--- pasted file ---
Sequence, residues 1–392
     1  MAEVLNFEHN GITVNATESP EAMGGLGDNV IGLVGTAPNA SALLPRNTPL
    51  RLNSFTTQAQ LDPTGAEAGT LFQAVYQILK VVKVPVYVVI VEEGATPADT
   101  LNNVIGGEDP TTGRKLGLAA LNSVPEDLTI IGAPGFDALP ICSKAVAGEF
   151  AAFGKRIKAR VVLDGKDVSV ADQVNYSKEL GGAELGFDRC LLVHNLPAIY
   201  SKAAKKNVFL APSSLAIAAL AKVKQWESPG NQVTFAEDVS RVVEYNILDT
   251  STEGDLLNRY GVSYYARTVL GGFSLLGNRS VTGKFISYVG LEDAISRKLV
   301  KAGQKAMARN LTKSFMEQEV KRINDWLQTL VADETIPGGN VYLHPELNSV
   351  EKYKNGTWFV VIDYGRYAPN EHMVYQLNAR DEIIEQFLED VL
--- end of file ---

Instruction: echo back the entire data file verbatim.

Sequence, residues 1–392
     1  MAEVLNFEHN GITVNATESP EAMGGLGDNV IGLVGTAPNA SALLPRNTPL
    51  RLNSFTTQAQ LDPTGAEAGT LFQAVYQILK VVKVPVYVVI VEEGATPADT
   101  LNNVIGGEDP TTGRKLGLAA LNSVPEDLTI IGAPGFDALP ICSKAVAGEF
   151  AAFGKRIKAR VVLDGKDVSV ADQVNYSKEL GGAELGFDRC LLVHNLPAIY
   201  SKAAKKNVFL APSSLAIAAL AKVKQWESPG NQVTFAEDVS RVVEYNILDT
   251  STEGDLLNRY GVSYYARTVL GGFSLLGNRS VTGKFISYVG LEDAISRKLV
   301  KAGQKAMARN LTKSFMEQEV KRINDWLQTL VADETIPGGN VYLHPELNSV
   351  EKYKNGTWFV VIDYGRYAPN EHMVYQLNAR DEIIEQFLED VL